Traditional Latkes To Celebrate Hanukkah
Frequent visitors to Hawaii, Randi and Peter Shapiro of Syosset, N.Y., also enjoy MidWeek online. They are the proud new parents of first-born son Griffin, their own little miracle, who keeps them very busy and will celebrate his first Hanukkah this week.
Randi is an expert baker and owns an online bakery called For Goodness Bake, and Peter is an executive with Hollyrock Entertainment, a premier party entertainment company (hollyrockentertainment.com). They are looking forward to their next visit to Hawaii!
Here is a traditional, old family recipe for Hanukkah they sent me to share with MidWeek readers.
Hanukkah originated when Judah the Maccabee and his followers reclaimed the temple from Syrian King Antiochus IV. The temple was then cleansed and prepared for rededication, and the sacred temple Menorah (candelabra) was relit. There was only enough sacred oil, however, to burn for one day. Miraculously, the oil lasted eight days, and in remembrance, a candle is lit each of the eight days of Hanukkah. You also will see this holiday spelled Chanukkah and perhaps even Hannukah because of different translations and customs. During the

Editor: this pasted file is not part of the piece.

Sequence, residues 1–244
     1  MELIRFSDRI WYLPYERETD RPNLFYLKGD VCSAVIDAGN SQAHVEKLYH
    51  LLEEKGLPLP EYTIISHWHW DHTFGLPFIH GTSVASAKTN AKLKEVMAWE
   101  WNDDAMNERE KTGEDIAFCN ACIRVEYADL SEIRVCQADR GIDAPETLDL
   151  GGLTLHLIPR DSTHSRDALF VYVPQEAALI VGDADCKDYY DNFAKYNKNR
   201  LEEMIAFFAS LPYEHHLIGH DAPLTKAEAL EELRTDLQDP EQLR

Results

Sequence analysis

Hanukkah holiday the traditional foods consumed are mostly fried in oil, which is symbolic of the oil that lasted eight days.
Pancakes are one of these dishes served as a reminder of the food hurriedly prepared for the Maccabees as they went into battle, along with the oil they are fried in as a reminder of the miraculous oil.
THE SHAPIROS’ FAVORITE LATKES
* 3 large potatoes
* 2 medium carrots, peeled
* 1 large onion
* 2 eggs or 4 egg whites, beaten
* 1/2 teaspoon salt (or to taste)
* 1/4 teaspoon fresh ground pepper
* 3/4 cup matzo meal
* olive oil, for frying
Grate potatoes, carrots and onion on fine grater. Add eggs, salt, pepper and matzo meal; stir well. Add more matzo meal if needed to form a thick batter. Taste for salt and add, if needed.
Pour olive oil into large frying pan and heat until sizzling. Drop by tablespoonfuls into hot oil in frying pan and slightly flatten with spatula. Cook until crisp and golden on one side and turn to cook other side. Drain on brown paper bag or paper towels.
Serve with sour cream and applesauce.
Makes six servings.
Diana Helfand, author of “Hawaii Light and Healthy” and “The Best of Heart-y Cooking,” has taught nutrition in the Kapiolani Community College culinary arts program.